October 2nd, 2017
Jules took us to a park in Tenafly. It’s an urban park, which means that its open space really isn’t that open. There are houses up against three sides of the park, and a railway hugs the fourth edge. However, the park is a welcome patch of green, with mature trees and a walking path that goes around the perimeter. The park gets plenty of use. Even in the early morning, there are people exercising and walking on the trail.
It was our last morning with Jules, and he wanted us to walk with him and his friend, Curtis. We left Jules’ house at 6:45 AM. It was cool outside, and the ground was covered with dew. It was sweater weather. We met Curtis in the parking lot next to the walking path. Curtis smiled and greeted us.
Curtis is an old black man, tall and thin. He shook my hand when we met. His hand was strong and gnarled. Somehow, Curtis reminded me of an old hickory tree. Curtis has been around for eighty-six years. I would never have guessed that he was so old. He was alert and talkative. He was alive in a way that I seldom see in people half his age.
The path forms an oval that is a little less than a mile and a half in circumference. Jules and Curtis like to make two trips around it. They walk rapidly. Karin was only able to make one of the two round trips before she got out of breath. She retired to Jules’ van after the first cycle. While Jules, Curtis, and I made the second journey around the track, Karin said her morning prayers. She just managed to complete them by the time we returned.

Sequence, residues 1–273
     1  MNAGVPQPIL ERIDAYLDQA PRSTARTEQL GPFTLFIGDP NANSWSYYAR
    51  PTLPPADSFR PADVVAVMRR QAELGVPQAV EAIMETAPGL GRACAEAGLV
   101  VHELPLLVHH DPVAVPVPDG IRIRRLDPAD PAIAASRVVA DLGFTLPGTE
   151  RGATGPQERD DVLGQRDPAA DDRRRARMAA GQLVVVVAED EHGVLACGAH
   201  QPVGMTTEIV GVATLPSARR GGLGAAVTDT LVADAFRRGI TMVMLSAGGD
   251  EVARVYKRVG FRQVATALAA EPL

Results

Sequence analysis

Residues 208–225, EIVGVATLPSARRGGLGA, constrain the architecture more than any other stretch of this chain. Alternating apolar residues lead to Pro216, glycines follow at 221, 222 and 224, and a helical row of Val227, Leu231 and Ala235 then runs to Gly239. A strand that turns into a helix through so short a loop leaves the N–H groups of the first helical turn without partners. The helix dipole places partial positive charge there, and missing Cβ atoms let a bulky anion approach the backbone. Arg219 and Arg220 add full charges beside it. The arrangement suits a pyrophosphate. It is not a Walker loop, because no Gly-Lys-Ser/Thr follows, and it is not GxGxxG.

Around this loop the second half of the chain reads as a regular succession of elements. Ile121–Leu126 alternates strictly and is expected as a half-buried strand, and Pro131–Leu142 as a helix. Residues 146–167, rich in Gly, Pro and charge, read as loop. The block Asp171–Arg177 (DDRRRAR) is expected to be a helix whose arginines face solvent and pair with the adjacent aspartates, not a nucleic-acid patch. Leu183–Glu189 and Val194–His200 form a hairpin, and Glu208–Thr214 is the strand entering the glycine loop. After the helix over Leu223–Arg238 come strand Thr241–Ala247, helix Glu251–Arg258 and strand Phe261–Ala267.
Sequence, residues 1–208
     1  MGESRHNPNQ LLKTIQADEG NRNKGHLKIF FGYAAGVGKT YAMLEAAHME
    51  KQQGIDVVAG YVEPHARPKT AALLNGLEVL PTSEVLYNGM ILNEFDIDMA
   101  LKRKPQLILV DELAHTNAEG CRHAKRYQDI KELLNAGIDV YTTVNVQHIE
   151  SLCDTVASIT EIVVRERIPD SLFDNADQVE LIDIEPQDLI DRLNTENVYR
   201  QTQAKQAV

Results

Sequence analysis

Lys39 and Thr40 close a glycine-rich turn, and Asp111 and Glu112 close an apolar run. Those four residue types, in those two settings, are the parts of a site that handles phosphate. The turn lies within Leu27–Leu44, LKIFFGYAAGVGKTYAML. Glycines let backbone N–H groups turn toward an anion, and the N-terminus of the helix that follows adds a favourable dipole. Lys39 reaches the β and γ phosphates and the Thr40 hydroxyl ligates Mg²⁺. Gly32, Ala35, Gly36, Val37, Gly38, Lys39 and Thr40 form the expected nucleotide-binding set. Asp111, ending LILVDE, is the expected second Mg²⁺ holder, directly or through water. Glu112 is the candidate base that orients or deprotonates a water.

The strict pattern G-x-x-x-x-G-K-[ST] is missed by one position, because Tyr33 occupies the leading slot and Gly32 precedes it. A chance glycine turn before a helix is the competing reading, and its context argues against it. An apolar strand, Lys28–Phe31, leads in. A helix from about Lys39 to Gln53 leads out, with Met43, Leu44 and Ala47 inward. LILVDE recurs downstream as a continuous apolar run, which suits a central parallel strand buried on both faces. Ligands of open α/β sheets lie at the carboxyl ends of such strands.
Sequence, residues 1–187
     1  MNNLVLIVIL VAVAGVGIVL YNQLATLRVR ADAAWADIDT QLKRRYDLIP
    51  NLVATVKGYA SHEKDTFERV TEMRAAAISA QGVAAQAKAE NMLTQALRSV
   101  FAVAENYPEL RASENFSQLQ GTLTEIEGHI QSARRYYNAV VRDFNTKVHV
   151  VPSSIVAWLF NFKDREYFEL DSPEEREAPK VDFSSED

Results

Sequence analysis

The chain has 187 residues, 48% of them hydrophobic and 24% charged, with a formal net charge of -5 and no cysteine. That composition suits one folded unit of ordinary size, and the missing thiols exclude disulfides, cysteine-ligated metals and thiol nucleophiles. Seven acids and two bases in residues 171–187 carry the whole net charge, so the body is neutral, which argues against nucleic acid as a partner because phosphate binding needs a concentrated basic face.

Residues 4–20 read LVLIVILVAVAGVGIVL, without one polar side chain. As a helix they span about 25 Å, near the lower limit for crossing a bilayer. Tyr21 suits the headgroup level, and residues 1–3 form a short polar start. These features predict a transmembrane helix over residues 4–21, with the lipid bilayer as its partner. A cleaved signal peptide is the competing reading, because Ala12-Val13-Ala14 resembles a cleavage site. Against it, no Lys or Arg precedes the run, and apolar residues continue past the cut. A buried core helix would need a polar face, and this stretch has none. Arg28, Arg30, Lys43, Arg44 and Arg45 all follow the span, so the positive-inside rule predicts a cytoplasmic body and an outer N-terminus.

Curtis is a vet. He was in the Army a long time ago. I mentioned that I had stationed in Germany. He told me,
“I was supposed to go to Korea, but the shooting was over before they could send me there. So, they shipped me to Germany instead. I was at Ulm, way in south Germany. I saw them mountains with all the snow on them. I ain’t never seen nothing like that before.”
He went on, “We was always in the field, nine months out of the year. I carried everything on my back. I was Infantry. Sometimes, those tankers, they gave us a ride, but mostly we walked everywhere.”
Jules and Curtis made an interesting pair. They were obviously close friends, but I am not sure what they all had in common. They just walked together almost every morning. I guess that’s enough.
We weren’t alone on the path. Other people were walking or running alongside of us. Jules and Curtis greeted an older black man who was resting on a bench. This guy walked a bit every morning too. He didn’t go as far as Jules and Curtis, but, hell, he’s ninety-one years old. As we got near to Jules’ van, a jogger passed us by. He was wearing a t-shirt, shorts, running shoes, and a black yarmulke. Only in New Jersey.
On the way back to Jules’ house, I looked out the car window to view the neighborhood one last time. We passed the yeshiva and the Brazilian jujitsu school. We went by the New Jersey National Guard Armory, with its antique tanks rusting in front of the building. We drove near the Chicken and Rib Crib. I saw Bergen Pizza and the kosher deli, the Korean grocery store and the Filipino restaurant.
It’s a world of its own.